Beirut: Surviving in the aftermath of the explosion

By: 
CARE
CARE has been organising emergency food distributions in the most affected areas of Beirut

“We are walking on broken glass that has been left all over the city, reminding us every day of this horrible tragedy.”

One month after the blast that devastated the port of Beirut, people in the city are still trying to cope with the shock and trauma, which has been aggravated by the impacts of the economic and COVID-19 crises. Patricia Khoder, spokesperson for CARE Lebanon, says:

Hundreds of those who have been heavily injured during the blast remain in hospitals; some of them fighting for their lives. Many more families, who have been affected by the economic breakdown, have no choice but to regularly skip meals in order to allow their children to eat.

“But we will stay standing and because of that, Lebanese people need all of our support,” she says.
 

Amira and her family on the balcony of their building

Amira (pictured above, with her family) has three children aged 12 to 18. Her husband worked at the Port of Beirut. Her home was on the top floor of a building in the Mar Mikhael neighborhood, one of the areas most affected by the explosion. She told us:

Look where we are today. I have been living with all my family in a small room at my brother-in-law’s place since the day of the explosion. We go there every night to sleep, because our apartment has no roof: tiles and beams were blown out by the explosion. But at some point, we'll have to go back home – if only someone could help us rebuild. We survived thanks to food parcels and hot meals distributed by NGOs.

“I never thought we would get to this, but I come every day with my kids at noon to receive hot meals,” she says with tears in her eyes.
 

Rita on a balcony with Beirut port in the background

Rita (pictured above), 26 years old, told us:

The owner of the apartment will probably take advantage of the explosion and the partial destruction of the house to kick us out. We are old tenants (benefiting from a law that protects them). But for the time being, we have rebuilt as much as possible; our apartment was partially destroyed.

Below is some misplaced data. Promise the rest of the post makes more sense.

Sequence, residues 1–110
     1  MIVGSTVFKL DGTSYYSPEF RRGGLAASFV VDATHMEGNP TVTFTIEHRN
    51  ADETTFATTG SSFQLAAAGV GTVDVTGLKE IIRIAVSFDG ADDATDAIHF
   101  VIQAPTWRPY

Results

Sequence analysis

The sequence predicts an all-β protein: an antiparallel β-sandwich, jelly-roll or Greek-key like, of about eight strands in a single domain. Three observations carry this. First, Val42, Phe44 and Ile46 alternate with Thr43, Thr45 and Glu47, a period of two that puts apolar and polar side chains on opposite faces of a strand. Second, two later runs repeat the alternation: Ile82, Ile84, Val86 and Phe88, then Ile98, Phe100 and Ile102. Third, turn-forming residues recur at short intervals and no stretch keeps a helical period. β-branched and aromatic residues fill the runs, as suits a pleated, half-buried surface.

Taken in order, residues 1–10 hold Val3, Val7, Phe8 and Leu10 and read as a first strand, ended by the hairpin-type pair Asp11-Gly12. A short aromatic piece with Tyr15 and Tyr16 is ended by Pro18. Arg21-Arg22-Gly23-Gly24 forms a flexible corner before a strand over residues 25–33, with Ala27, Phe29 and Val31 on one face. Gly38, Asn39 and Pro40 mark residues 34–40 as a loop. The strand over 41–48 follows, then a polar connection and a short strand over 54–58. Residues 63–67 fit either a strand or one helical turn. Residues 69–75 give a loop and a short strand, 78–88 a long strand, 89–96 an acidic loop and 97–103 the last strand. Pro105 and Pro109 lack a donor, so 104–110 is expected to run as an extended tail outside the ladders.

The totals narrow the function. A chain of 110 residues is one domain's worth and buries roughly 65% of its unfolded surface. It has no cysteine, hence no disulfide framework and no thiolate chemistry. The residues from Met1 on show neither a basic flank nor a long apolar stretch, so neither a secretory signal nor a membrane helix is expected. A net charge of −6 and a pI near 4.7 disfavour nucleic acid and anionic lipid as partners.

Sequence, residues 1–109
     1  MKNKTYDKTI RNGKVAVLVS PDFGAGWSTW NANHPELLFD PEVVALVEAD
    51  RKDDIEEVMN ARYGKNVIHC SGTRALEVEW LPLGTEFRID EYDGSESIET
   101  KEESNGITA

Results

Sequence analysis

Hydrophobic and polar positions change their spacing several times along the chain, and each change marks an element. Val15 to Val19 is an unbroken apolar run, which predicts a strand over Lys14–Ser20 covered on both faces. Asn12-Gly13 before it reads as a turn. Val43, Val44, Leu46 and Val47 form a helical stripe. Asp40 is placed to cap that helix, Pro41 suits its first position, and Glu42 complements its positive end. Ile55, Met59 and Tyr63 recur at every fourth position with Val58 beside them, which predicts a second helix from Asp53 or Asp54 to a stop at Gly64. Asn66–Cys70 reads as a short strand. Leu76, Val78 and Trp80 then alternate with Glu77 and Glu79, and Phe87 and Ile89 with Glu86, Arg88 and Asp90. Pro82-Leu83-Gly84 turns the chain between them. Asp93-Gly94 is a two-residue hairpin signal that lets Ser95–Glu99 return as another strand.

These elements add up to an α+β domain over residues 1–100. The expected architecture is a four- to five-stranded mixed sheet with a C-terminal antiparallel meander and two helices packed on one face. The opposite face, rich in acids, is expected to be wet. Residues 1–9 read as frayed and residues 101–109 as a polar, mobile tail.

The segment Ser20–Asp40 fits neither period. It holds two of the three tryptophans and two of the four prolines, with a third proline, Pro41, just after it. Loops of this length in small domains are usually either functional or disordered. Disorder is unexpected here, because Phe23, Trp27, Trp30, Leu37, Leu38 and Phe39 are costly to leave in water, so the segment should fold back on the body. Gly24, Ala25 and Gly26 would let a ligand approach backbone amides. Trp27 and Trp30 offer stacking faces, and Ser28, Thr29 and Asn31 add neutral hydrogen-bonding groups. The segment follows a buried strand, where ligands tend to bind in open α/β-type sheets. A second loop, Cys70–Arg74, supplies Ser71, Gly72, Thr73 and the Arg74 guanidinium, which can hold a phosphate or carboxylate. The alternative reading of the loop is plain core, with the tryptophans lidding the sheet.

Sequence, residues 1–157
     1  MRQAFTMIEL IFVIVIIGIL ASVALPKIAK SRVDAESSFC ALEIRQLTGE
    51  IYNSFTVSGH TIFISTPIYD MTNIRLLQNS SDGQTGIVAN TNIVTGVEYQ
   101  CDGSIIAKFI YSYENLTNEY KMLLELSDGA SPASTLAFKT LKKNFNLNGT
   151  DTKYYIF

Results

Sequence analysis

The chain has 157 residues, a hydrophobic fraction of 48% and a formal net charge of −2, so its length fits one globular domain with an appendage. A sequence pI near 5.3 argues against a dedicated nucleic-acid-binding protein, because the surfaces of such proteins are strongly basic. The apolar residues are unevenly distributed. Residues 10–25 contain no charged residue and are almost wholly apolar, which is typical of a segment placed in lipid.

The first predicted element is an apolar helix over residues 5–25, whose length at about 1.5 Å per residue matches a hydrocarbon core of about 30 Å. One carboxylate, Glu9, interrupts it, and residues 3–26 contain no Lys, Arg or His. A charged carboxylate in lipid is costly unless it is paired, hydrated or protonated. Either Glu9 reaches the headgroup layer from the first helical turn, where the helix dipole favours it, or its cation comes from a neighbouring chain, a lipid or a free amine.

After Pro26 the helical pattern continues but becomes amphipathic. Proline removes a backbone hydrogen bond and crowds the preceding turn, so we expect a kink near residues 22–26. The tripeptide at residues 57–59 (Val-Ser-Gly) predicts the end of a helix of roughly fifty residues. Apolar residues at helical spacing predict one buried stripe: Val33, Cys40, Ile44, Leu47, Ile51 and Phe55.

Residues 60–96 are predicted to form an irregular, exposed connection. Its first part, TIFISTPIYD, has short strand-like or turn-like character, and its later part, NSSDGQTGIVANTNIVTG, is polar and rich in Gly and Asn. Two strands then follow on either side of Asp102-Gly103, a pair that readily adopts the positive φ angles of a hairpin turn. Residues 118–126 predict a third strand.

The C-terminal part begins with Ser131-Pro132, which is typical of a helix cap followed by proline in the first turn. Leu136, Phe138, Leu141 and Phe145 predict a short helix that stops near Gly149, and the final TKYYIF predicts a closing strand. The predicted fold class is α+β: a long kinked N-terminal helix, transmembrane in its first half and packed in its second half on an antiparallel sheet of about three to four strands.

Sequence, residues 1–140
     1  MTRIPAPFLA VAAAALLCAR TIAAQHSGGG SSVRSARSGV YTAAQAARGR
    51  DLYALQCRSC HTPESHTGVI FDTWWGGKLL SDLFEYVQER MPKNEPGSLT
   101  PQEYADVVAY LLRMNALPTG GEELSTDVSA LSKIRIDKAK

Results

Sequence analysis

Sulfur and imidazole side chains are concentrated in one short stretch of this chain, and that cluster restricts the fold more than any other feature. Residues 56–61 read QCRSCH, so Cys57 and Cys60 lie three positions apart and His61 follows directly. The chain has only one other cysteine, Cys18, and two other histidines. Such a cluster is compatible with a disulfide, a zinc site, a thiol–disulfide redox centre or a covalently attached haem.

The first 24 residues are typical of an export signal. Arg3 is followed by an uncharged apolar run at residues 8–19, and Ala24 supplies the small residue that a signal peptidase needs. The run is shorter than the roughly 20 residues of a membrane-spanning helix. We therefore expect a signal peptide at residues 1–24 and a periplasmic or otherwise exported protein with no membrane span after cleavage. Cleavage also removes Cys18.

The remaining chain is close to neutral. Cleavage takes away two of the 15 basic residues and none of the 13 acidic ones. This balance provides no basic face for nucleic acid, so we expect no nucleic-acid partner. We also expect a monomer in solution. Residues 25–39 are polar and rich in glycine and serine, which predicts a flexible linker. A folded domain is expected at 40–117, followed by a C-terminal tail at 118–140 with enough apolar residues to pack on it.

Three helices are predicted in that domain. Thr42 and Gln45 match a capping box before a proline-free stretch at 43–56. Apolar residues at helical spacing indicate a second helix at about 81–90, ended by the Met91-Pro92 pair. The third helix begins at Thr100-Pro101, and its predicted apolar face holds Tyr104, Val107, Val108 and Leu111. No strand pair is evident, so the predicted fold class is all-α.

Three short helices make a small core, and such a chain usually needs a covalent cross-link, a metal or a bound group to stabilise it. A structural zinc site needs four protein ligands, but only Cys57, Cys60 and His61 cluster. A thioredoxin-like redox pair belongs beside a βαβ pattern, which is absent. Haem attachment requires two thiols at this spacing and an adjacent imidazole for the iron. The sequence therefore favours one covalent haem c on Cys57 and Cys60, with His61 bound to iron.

“My father, a day labourer, works sometimes. We often have to go to my grandparents to eat something,” she says as she looks at the ground, as if to give herself courage.
 

Rahil a migrant worker from Ethiopia, in Beirut

Rahil (pictured above) is from Ethiopia. A migrant worker, Rahil came to Lebanon four years ago and has lived in Ashrafieh, an area in East Beirut that was affected by the explosion. She does housework and is paid 10,000 Lebanese liras per hour (equivalent to 7 US dollars before the fall in value of the Lebanese lira; now, it is equivalent to around 1.25 US dollars). She told us:

Even though the house I live in was not affected by the blast, I have to leave it in the days to come because the owner wants to rent it out to a friend who lost his apartment in the explosion. I have to look for a house in the neighborhood because this is where my clients are, even though half of them left after the explosion.

“I don't know how to survive anymore,” she says.

CARE’s response

As of 4 September, CARE Lebanon has reached 9,820 individuals with food parcels and hot meals, and 225 individuals with dignity kits and PPE kits to populations affected by the blast. CARE is planning to reach 30,000 people during the first two phases of the Beirut explosion response (Year 1), and to increase to 100,000 persons over a 3-year period. CARE Lebanon was already responding to COVID-19 before the blast and will continue with provision of essential materials (including disinfection kits, food parcels) and actions to raise awareness among the population.

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News and stories are provided by CARE staff working to support our emergency responses and long-term development programmes.